feeld
Selected by Fady Joudah as a winner of the 2017 National Poetry Series, Jos Charles's revolutionary second collection of poetry, feeld, is a lyrical unraveling of the circuitry of gender and speech, defiantly making space for bodies that have been historically denied their own vocabulary."i care so much abot the whord i cant reed." In feeld, Charles stakes her claim on the language available to speak about trans experience, reckoning with the narratives that have come before by reclaiming the language of the past. In Charles's electrifying transliteration of English--Chaucerian in affect, but revolutionary in effect--what is old is made new again. "gendre is not the tran organe / gendre is yes a hemorage." "did u kno not a monthe goes bye / a tran i kno doesnt dye." The world of feeld is our own, but off-kilter, distinctly queer--making visible what was formerly and forcefully hidden: trauma, liberation, strength, and joy.Urgent and vital, feeld composes a new and highly inventive lyrical narrative of what it means to live inside a marked body.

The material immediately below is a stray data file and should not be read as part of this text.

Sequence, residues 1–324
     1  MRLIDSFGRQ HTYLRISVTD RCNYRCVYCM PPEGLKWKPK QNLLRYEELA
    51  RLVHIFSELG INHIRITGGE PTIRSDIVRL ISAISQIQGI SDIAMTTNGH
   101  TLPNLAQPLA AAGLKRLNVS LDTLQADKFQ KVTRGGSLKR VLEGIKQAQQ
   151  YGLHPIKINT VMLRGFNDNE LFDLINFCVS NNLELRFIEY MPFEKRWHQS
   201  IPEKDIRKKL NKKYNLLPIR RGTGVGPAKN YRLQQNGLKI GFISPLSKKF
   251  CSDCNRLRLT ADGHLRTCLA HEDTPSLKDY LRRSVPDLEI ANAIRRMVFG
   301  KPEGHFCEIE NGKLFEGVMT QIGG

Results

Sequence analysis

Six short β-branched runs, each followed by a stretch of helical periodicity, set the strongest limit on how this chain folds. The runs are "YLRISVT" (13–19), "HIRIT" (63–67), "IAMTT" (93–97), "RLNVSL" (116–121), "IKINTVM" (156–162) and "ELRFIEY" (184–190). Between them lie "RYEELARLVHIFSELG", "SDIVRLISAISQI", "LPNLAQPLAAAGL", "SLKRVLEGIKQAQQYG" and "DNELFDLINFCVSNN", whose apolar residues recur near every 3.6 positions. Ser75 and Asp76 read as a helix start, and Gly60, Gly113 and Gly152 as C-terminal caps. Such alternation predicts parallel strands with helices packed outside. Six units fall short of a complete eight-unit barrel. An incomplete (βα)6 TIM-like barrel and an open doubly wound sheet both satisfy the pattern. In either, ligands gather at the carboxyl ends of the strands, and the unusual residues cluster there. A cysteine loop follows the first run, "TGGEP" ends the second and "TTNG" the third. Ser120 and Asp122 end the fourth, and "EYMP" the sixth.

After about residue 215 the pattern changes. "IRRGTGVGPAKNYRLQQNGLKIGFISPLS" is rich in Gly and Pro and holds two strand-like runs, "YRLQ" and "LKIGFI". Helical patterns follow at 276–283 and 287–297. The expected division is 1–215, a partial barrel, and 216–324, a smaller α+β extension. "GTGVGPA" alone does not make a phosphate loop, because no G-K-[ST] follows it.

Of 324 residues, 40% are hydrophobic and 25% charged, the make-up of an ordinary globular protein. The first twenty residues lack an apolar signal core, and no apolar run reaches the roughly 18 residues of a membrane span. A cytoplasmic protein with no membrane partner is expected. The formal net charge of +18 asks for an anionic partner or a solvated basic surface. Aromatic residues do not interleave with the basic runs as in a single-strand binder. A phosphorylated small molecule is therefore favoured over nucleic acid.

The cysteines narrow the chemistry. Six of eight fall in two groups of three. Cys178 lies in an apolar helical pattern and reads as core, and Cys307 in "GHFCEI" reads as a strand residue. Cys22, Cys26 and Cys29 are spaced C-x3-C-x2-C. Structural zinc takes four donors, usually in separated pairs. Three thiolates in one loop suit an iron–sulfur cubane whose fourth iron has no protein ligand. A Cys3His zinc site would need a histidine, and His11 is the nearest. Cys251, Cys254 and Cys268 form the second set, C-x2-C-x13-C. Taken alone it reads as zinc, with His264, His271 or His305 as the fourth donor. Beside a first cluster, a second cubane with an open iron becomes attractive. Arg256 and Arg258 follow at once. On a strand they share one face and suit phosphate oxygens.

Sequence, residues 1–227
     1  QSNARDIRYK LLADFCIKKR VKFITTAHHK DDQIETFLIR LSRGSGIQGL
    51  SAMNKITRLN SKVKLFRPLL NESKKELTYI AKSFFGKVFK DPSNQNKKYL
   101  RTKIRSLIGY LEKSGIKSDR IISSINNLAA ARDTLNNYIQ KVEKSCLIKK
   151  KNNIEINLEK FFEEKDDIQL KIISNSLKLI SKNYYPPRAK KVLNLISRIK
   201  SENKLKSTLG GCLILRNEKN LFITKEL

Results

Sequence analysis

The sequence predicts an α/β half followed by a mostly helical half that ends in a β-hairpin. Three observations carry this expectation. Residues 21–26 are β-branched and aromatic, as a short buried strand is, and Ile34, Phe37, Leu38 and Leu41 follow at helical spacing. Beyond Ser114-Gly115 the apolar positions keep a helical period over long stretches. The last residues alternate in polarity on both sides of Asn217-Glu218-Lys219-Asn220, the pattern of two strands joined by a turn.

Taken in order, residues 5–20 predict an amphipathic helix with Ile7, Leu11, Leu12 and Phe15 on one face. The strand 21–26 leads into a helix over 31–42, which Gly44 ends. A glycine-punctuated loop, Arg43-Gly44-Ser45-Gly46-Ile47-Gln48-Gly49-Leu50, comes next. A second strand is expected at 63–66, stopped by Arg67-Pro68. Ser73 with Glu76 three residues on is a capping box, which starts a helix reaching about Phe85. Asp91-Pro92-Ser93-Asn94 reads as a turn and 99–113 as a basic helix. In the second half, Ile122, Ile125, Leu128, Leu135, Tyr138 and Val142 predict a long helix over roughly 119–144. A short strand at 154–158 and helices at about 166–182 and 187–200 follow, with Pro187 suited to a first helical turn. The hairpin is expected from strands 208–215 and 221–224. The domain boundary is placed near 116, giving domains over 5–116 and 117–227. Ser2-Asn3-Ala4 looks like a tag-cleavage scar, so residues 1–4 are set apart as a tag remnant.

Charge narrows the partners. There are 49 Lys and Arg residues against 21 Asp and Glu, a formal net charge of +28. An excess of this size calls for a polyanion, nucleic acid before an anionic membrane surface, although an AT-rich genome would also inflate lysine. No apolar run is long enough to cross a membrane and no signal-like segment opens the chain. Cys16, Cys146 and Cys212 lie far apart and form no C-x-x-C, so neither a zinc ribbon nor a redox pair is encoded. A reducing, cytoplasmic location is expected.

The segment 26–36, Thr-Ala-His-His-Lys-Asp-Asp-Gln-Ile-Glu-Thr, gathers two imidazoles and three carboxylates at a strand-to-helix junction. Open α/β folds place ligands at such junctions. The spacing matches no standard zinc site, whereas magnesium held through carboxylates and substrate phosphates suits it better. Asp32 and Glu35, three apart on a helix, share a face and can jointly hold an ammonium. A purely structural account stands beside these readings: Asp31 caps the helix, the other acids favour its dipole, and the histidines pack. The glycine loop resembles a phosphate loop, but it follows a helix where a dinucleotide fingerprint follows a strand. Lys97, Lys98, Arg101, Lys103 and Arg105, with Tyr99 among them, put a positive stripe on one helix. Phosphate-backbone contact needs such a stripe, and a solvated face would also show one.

feeld Details

Titlefeeld
Author
ReleaseAug 14th, 2018
PublisherMilkweed Editions
ISBN-139781571315052
Rating
GenrePoetry, LGBT, GLBT, Queer, Gender, Transgender

feeld Review

  • s.penkevich
    January 1, 1970